We arrived at $5 as the price of an iPad app over the course of a couple of years ramp up from the iPhone app model. Which itself was based on the idea that 100,000 people would pay $1 for a 12 second snippet of song, to use as a fucking ringtone. The promise of apps for developers was supposed to be that they would sell 100,000 copies and that would make up for the drastically reduced price. It didn't work out like that for most, and it didn't even approach that for niche audiences. We're a very niche audience. The reality is that even a good synth app will only sell 2,000-10,000 copies in a year.

If we go right in the middle of that number we're looking at $25,000 profit, or really $17,500 after Apple get their cut. You can't live on that in most first-world countries. There have been some interesting attempts to do so, and there are exceptions to this. For everyone else this is a hobby, or at best a part-time job they're making minimum wage for.

In the time that I've been doing this site I've gotten to know a lot of developers on a personal level, and I see the struggle there. They could all be doing anything else with their time, and making more money in the process. They are all aware of this. If paying for updates in the form of IAPs is what it takes to keep these guys interested in making us fun stuff to play with, so be it!

I know I give developers a hard time, and people who try to sell MIDI as an IAP will still catch hell from me. Yet I respect their rare combination of talents, as musicians and coders. These are extremely talented people who are essentially donating their time to our community. These are our nerds. If the Internet has taught us anything, it is that we've got to make sure we keep our nerds doing what they love. That way we get cool shit like the Internet!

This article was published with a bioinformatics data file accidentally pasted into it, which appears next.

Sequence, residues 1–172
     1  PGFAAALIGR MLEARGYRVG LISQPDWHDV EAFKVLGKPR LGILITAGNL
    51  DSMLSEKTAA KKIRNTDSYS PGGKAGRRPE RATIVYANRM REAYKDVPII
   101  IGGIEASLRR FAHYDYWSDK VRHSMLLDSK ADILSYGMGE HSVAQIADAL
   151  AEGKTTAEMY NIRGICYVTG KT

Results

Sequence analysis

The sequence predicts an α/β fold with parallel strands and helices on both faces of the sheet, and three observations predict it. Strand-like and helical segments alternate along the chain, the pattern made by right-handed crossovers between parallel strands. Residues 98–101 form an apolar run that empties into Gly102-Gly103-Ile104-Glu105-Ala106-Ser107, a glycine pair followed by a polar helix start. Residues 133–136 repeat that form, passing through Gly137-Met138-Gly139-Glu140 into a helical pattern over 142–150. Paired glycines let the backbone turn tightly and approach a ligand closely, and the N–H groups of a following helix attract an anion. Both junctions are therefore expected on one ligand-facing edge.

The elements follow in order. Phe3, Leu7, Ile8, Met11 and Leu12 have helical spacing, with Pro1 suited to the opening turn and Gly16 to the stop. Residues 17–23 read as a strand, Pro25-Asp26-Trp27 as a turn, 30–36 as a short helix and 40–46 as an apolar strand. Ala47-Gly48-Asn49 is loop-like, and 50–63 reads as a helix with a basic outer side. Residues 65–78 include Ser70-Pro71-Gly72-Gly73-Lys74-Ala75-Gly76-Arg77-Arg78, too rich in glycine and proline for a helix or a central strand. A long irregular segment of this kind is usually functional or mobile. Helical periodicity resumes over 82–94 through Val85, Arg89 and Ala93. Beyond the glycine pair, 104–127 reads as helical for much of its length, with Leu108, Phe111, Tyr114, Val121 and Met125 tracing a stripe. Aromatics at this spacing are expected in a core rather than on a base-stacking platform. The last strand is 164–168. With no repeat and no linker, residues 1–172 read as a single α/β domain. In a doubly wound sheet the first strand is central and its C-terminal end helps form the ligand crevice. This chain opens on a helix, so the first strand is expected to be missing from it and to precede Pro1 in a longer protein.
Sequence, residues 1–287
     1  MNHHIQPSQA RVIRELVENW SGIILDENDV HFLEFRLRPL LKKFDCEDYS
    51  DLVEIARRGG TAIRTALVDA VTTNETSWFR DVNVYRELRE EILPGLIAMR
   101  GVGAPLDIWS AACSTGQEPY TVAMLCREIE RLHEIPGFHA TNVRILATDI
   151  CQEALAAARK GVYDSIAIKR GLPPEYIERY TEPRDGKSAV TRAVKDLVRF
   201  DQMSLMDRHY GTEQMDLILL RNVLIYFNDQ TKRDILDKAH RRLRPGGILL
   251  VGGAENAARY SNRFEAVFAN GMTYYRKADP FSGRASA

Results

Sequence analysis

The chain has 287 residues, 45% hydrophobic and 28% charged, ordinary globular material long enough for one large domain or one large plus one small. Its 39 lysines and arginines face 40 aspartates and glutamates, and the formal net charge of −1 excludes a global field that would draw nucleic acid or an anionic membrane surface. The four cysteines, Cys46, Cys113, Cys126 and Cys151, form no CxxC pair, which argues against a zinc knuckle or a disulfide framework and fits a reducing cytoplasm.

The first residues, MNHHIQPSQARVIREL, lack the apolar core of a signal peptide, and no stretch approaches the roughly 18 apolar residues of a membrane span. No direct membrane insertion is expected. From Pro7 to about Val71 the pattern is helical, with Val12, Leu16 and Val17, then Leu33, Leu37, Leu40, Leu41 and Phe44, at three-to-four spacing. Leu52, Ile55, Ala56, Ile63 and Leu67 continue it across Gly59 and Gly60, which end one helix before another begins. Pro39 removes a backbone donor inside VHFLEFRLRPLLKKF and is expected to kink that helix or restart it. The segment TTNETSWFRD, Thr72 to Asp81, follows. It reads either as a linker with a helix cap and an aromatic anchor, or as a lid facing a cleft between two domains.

Custom kitchen deliveries

Just like many of the developers are hobbyists, many of the people buying their apps are hobbyists! I think this realization of hobbyists funding hobbyists has been the most impactful in my way of thinking on IAPs. In addition to getting to know developers, I've seen this in your own passionate enthusiasm. You're not buying a $5 app to get on MTV, you're buying a $5 app because you just want to play. Provided you've been given ample value for your initial purchase, I can see no reason to oppose paying more for even more fun.

For the most part you guys seem to believe this as well. I've gotten a fair number of emails and comments along the lines of, "Yea, fuck IAPs! I just want to pay once!" But I've gotten an equal number of, "I know you don't like IAPs, but I'm glad to support the developers!" After reading all of these over the years I've come around to agree.

Sound Fields Freebie

Alexander Zolotov, developer of SunVox and PixiTracker, has made his Sound Fields app free today through July 4th!

Sound Fields iTunes Description:

~ App for kids and their parents ~

Do you have a good ear for music? Can you play a musical instrument? It is not important anymore, because with this tool ANYBODY can play great music without any skills!

It is easy! Just select some background track and synth you like. And that's it. Touch the screen and feel the sound!

Please try my other apps:
  • PixiTracker;
  • PixelWave;
  • SpectrumGen.

Code & Music by NightRadio (Alexander Zolotov).
Background tracks composed in SunVox.

Buy Sound Fields for iPhone on iTunes: Free (On Sale, from $0.99)

I think this succeeds in its goal of being a simple "anybody can play" app, while still expecting the user to develop a sense of rhythm. Nothing is sanitized or quantized so you at least have to play along rather than mindlessly tap. The track and synth selection is limited, but this is easily worth the asking price. Here is a demo from the developer.

Review: Rhythm Cat - Learn to Read Music

Simone brings us a hard hitting look at Rhythm Cat, a game for learning to read music notation.

She is even running a contest! If you can get to Level 15 be sure to let her know, for a shout-out in her next video.

Buy Rhythm Cat Pro HD on iTunes: $3.99